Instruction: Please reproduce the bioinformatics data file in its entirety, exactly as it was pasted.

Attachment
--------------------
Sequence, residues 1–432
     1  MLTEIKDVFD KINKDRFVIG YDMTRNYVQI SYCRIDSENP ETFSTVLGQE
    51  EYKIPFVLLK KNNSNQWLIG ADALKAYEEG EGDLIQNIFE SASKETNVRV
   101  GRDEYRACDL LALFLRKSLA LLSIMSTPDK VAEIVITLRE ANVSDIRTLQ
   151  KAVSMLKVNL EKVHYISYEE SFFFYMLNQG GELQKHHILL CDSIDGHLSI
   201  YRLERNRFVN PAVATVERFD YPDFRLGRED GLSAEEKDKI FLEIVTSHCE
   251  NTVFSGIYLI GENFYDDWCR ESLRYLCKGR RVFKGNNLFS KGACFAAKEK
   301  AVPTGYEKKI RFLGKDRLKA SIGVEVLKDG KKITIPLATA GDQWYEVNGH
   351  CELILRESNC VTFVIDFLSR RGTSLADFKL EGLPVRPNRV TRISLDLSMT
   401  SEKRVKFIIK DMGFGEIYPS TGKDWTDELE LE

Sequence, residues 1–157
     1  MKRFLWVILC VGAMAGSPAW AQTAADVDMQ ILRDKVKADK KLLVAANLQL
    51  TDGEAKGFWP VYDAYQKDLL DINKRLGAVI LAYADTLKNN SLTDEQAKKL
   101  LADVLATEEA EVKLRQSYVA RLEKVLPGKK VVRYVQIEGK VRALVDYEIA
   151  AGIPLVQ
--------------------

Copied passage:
Sequence, residues 1–432
     1  MLTEIKDVFD KINKDRFVIG YDMTRNYVQI SYCRIDSENP ETFSTVLGQE
    51  EYKIPFVLLK KNNSNQWLIG ADALKAYEEG EGDLIQNIFE SASKETNVRV
   101  GRDEYRACDL LALFLRKSLA LLSIMSTPDK VAEIVITLRE ANVSDIRTLQ
   151  KAVSMLKVNL EKVHYISYEE SFFFYMLNQG GELQKHHILL CDSIDGHLSI
   201  YRLERNRFVN PAVATVERFD YPDFRLGRED GLSAEEKDKI FLEIVTSHCE
   251  NTVFSGIYLI GENFYDDWCR ESLRYLCKGR RVFKGNNLFS KGACFAAKEK
   301  AVPTGYEKKI RFLGKDRLKA SIGVEVLKDG KKITIPLATA GDQWYEVNGH
   351  CELILRESNC VTFVIDFLSR RGTSLADFKL EGLPVRPNRV TRISLDLSMT
   401  SEKRVKFIIK DMGFGEIYPS TGKDWTDELE LE

Sequence, residues 1–157
     1  MKRFLWVILC VGAMAGSPAW AQTAADVDMQ ILRDKVKADK KLLVAANLQL
    51  TDGEAKGFWP VYDAYQKDLL DINKRLGAVI LAYADTLKNN SLTDEQAKKL
   101  LADVLATEEA EVKLRQSYVA RLEKVLPGKK VVRYVQIEGK VRALVDYEIA
   151  AGIPLVQ